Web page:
When a fibrous stock suspension is processed with a fiber loading technology a completely new product for application in paper production results. The new product has new and improved characteristics compared to a product according to the current state of the art. The fiber loading technology permits precipitation of a filler, especially calcium carbonate, that is uniformly distributed and adhered to, in and between the paper fibers directly in the stock preparation of a paper mill. It also allows the treated fibrous stock to undergo a fiber treatment in a refiner simultaneously with the precipitation process.

The process for the production of precipitated calcium carbonate with simultaneous refining with the assistance of the fiber loading combination process occurs according to the process data, which is described in further detail below. In this context please also refer to German Patents DE 101 07 448 A1, DE 101 13 998 A1 and U.S. Pat. No. 6,413,365 B1.

In accordance with the FLPCC combination process described under the present invention the filler material utilized according to the current state of the art is replaced with the filler material produced according to the fiber loading combination process technology. The range of application of the filler produced with the fiber loading combination process technology extends to applications within the paper production of all paper grades, including cigarette papers, filter papers, Kraft sack paper grades, cardboard and packaging papers that have a filler content of between 1% and 60% and/or a white liner having a filler content of between 1% and 60%. The loaded and produced paper grades can be produced on a paper machine from a recycling paper, deinked paper (DIP), secondary fibers, bleached or unbleached pulp, mechanical pulp, bleached or unbleached sulfate pulp, broke, linen, cotton, and/or hemp fibers (predominantly for cigarette paper) and/or any paper raw material, irrespective of whether or not the end product contains a filler.

Fibrous stock produced with the fiber loading combination process technology generally possesses a superior dewatering characteristic as compared to a fibrous stock produced according to another method. The improvement in the dewatering capacity is between 5 to 100 ml CSF or 0.2 to 15° SR, depending upon the required freeness. The stock or pulp produced according to the fiber loading process further possesses a low water retention value of 2 to 25%, depending upon the raw material that is used in production. This permits a more effective production of various paper grades, for example, FL (FL=fiber loaded) copy and printing paper of all types, FL coating paper of all types, FL news print of all types and FL cigarette paper of all types, FL B&P paper of all types, FL Kraft sack paper of all types and FL filter paper, since the water in the stock suspension can be removed faster. The stock therefore dries faster.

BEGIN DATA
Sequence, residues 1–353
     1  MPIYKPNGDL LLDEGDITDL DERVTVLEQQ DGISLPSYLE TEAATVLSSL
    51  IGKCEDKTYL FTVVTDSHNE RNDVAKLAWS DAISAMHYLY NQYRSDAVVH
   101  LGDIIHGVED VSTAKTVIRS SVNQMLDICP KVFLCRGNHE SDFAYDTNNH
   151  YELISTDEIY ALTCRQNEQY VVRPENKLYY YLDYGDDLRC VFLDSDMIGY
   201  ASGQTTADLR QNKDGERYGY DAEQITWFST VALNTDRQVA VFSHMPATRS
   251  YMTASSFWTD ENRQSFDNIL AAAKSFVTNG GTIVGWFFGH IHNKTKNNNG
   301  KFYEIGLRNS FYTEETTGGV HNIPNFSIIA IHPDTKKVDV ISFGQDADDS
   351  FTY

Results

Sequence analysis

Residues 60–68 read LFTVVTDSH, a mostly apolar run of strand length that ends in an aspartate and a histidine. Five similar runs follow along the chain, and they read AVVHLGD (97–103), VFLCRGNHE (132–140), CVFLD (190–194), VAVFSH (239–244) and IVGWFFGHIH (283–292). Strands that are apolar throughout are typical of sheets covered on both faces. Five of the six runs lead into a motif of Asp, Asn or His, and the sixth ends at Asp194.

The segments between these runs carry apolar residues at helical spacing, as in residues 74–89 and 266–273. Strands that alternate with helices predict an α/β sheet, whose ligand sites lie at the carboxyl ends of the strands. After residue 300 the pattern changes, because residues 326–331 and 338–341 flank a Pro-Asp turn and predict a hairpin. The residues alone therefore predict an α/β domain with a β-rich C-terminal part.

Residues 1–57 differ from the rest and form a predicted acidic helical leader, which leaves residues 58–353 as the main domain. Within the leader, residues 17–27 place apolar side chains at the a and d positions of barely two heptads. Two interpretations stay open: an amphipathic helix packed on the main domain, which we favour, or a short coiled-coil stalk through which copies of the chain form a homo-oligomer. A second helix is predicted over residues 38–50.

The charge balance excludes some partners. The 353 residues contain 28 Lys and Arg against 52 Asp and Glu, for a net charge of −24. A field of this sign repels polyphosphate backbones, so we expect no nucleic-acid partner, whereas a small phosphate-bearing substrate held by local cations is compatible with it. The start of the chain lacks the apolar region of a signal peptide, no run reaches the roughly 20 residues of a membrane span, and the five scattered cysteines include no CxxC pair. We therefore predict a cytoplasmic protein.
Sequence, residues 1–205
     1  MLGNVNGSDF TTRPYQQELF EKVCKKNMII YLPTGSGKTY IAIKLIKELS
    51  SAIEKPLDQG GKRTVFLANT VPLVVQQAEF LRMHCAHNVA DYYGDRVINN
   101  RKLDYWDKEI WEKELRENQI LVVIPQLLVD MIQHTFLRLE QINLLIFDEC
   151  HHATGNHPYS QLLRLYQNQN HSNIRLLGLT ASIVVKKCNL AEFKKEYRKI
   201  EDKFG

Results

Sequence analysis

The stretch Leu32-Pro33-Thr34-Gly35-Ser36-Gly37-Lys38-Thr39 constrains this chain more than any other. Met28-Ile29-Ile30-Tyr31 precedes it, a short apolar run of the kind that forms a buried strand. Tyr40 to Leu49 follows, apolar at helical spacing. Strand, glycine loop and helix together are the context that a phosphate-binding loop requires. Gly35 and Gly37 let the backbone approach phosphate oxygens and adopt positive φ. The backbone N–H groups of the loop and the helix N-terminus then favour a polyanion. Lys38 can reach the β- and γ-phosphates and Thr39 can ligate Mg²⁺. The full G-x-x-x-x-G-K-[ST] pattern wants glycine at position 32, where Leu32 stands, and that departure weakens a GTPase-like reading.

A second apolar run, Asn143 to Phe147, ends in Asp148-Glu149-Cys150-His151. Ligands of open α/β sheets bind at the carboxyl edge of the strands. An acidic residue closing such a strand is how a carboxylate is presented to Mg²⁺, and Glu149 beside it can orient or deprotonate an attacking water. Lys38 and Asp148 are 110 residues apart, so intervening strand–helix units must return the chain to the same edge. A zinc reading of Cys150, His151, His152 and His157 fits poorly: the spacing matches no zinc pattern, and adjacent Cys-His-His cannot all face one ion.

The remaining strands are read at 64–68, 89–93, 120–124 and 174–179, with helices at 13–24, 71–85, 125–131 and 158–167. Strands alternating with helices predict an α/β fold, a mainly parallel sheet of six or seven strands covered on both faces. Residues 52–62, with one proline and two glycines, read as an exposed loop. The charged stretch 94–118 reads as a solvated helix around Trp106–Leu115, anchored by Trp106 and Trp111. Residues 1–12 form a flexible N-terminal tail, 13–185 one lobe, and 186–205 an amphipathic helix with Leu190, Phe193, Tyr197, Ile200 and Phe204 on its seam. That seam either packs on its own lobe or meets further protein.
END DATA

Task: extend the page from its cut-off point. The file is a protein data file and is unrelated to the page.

In the instance of FL cigarette paper, FL B&P paper, FL Kraft sack paper and FL filter paper, which do not require fillers, the exposed filler can be removed by way of an additionally provided washing process prior to the refining process, following the refining process, after running through the headbox vat or prior to feeding into the paper machine. This applies to the filler that is not deposited in, or on, the fibers and can be washed out accordingly. The fibers themselves will still contain filler, inside and out so that the positive effects of the fiber loading technology can be taken advantage of.

The fiber loading technology may be utilized, prior to, or after, the refining process, depending on what requirements are put upon the end product.

Compared to the current state of the art, a higher freeness value can be achieved with the fiber loading combination technology, since up to 50% of refining energy can be saved. This has an especially positive influence with all the paper grades, which pass through a refining process during their production, or which possess a very high freeness value, for example FL-cigarette papers, FL B&P papers, FL Kraft sack papers and FL filter papers. In particular, these are FL

cigarette papers having 100 to 25 CSF or 68 to 90° SR, FL B&P papers having 600 to 50 CSF or 20 to 80° SR, FL sack papers having 600 to 425 CSF or 20 to 30° SR and FL filter papers having 600 to 350 CSF or 20 to 35° SR.

The high mechanical strengths in the end product, which are achieved through the high freeness value, positively affect the production of FL cigarette papers, FL B&P papers, FL sack papers and FL filter papers since, due to process based mechanical loads in the various sections of the paper machine. Process based mechanical loads exist in the press section, the dryer section and in the area where the web is wound, the produced intermediate product and the end product, which is to be produced, bears a high mechanical load due to the utilization of winders, rewinders and converting machinery. Great mechanical stresses occur on the paper, especially in the production of cigarette paper, which are also partially attributed to the low basis weight and the utilization of winders.